On Sunday nights when I was growing up, my mother did not cook. My parents would pile my three brothers and me in the back of the station wagon for a night out at one of four local restaurants: Ho Sai Gai, Tony’s Italian Villa, Valley’s Steak House, or Howard Johnsons. As soon as the four of us kids had finished arguing about who got the “way back”, we would begin to argue vehemently about which one of the four fine dining establishments we should patronize that evening.
Silently, my dad would head to the nearby rotary. There, he would simply drive round and round, until one or two or three of us got sick and relented to the stronger stomached sibling. Once there was agreement, my dad would mercifully take us off the rotary and head to the agreed upon restaurant. If we were too sick to eat, too damned bad.
If that were my family today, I am quite sure we would never get off the rotary. Because my family, like many families these days, is not quite so easy.
This is what it is like to plan a “family meal” for my family and their significant others:
Family Members 1 and 2: They both enjoyed significant weight loss by eating basically the following three things—lean protein, lettuce, scotch. No grain. No fruit (too much sugar). Limited fat. No bread. Basically, they don’t eat. But we keep plenty of clear alcohol around for them because really, something needs to get them through the day. Scotch, to the rescue!
Family Member 3: Pesca vegan (for health reasons-not because she particularly cares about eating animals). This member eats fish (as long as it is wild caught), eggs (as long as they are organic, cage free), but no dairy, no meat or poultry, nothing processed, and all fruits and vegetables should be organic.
Family Member Friend: Loves interesting beers of all kinds and all sorts of processed foods and is happy he gets them mostly to himself.
Family Member 4: Eats everything, but is watching her weight, so she eats everything in moderation. She is quite certain everyone else is out of their minds (“who won’t eat a strawberry, for god’s sake?” she has been known to say.) Yes, she is over 70. Everyone else obviously knows strawberries are evil, especially if they aren’t organic.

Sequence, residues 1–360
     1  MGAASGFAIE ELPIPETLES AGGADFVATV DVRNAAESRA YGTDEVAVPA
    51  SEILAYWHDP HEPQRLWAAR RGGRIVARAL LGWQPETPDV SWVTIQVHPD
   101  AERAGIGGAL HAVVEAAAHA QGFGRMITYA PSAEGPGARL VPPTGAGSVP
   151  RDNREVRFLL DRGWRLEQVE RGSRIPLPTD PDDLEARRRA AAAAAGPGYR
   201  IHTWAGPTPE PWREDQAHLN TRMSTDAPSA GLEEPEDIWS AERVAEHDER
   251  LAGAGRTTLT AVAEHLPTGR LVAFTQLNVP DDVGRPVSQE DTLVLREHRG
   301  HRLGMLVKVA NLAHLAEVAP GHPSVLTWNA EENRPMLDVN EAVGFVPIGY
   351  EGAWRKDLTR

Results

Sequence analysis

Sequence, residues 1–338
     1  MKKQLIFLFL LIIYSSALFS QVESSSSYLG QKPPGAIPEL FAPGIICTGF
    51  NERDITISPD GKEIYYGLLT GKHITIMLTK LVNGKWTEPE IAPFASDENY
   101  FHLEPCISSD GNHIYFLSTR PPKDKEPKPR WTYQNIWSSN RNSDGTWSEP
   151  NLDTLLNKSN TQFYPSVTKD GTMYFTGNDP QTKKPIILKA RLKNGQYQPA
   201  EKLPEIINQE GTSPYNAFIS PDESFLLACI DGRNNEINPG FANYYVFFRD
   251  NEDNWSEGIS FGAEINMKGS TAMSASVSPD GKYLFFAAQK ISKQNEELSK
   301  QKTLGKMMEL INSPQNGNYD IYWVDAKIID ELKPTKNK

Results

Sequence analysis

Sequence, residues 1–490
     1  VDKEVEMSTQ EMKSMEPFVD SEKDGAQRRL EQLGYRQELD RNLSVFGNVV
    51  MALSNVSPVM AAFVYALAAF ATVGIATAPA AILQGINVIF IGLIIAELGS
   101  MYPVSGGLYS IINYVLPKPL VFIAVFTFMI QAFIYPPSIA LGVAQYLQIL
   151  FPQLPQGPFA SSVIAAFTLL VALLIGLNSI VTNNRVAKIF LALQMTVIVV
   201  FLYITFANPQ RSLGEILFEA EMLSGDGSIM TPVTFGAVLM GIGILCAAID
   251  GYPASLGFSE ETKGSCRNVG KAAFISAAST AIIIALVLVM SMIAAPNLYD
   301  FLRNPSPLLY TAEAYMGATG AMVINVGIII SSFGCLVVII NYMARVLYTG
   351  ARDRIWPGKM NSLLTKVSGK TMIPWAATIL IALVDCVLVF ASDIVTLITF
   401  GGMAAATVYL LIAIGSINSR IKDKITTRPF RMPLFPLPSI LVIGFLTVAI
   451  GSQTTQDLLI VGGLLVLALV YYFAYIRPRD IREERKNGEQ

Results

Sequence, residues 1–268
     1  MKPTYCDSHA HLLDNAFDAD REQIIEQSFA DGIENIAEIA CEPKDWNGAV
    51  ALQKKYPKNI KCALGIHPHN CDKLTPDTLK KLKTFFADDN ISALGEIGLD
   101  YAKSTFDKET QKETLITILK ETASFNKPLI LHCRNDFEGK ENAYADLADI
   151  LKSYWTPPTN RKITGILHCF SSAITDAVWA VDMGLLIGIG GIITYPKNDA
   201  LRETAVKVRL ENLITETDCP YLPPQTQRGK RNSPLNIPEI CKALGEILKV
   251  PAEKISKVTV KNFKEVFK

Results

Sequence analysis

Family Member 5: Used to loved meat of all sorts- the more, the better. Went to this food as medicine lecture a few months ago, and for health reasons, has decided to go mostly vegan. (We made grilled pizza the other day…honestly…mushed avocado instead of cheese and red sauce?) However, on special occasions he will have dairy, fish or meat or all of them combined. This kid could NEVER give up ice cream. I’d bet my life on it.
Family Member Significant Other: Vegetarian (because she does care about the animals). Easy-peasy.
Family Member: This child used to get so excited over a hamburger that her mouth would tremble when she ordered one. She is now mostly vegan, also for health reasons.
Family Member Friend: Strict vegan, none of the “mostly” plant based stuff that is so lame. No eggs, no dairy, no meat, no poultry.
Family member that I sleep with each evening: Let’s just say if we don’t have a variety of good scotches in inventory, Chips Ahoy cookies and Stacie’s chips, he is very, very unhappy boy. Mushroom burgers? Forget it.
Me: I am so confused I am not even sure what I am eating from one day to the next. In the past month I have been low sugar, vegan, pesca-vegan, low carb, no processed foods…but then…there was that chicken salad sandwich accompanied by a large handful of Cape Cod Salt and Vinegar chips… Dammit, this healthy eating is just too hard.
I look fondly back to the days when one did not need an excel spreadsheet to keep track of what everyone eats. I remember wistfully the days of going round and round the rotary when family members ate what mom served, or they simply didn’t eat.
From now on, I think I’m simply going to serve scotch, good beer, organic hummus, and serve it up with some organic vegetables and organic blue corn chips. For the rest, everyone can simply bring their own.
Now, that’s what I call…a family meal?